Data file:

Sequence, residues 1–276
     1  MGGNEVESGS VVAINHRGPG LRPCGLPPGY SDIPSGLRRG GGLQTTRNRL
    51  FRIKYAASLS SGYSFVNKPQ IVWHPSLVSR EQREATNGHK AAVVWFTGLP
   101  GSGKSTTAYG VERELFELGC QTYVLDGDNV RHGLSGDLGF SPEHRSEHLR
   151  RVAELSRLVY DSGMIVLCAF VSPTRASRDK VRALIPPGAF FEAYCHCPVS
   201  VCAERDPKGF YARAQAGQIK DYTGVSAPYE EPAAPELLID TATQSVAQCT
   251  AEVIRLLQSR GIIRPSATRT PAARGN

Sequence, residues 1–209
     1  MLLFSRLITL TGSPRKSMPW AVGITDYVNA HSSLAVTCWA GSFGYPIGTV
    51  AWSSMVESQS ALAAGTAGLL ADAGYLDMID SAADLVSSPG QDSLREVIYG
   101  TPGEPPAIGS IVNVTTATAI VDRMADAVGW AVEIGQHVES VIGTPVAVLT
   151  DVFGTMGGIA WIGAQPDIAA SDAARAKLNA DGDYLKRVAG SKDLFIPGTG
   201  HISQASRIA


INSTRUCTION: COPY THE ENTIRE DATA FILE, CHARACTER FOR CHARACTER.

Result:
Sequence, residues 1–276
     1  MGGNEVESGS VVAINHRGPG LRPCGLPPGY SDIPSGLRRG GGLQTTRNRL
    51  FRIKYAASLS SGYSFVNKPQ IVWHPSLVSR EQREATNGHK AAVVWFTGLP
   101  GSGKSTTAYG VERELFELGC QTYVLDGDNV RHGLSGDLGF SPEHRSEHLR
   151  RVAELSRLVY DSGMIVLCAF VSPTRASRDK VRALIPPGAF FEAYCHCPVS
   201  VCAERDPKGF YARAQAGQIK DYTGVSAPYE EPAAPELLID TATQSVAQCT
   251  AEVIRLLQSR GIIRPSATRT PAARGN

Sequence, residues 1–209
     1  MLLFSRLITL TGSPRKSMPW AVGITDYVNA HSSLAVTCWA GSFGYPIGTV
    51  AWSSMVESQS ALAAGTAGLL ADAGYLDMID SAADLVSSPG QDSLREVIYG
   101  TPGEPPAIGS IVNVTTATAI VDRMADAVGW AVEIGQHVES VIGTPVAVLT
   151  DVFGTMGGIA WIGAQPDIAA SDAARAKLNA DGDYLKRVAG SKDLFIPGTG
   201  HISQASRIA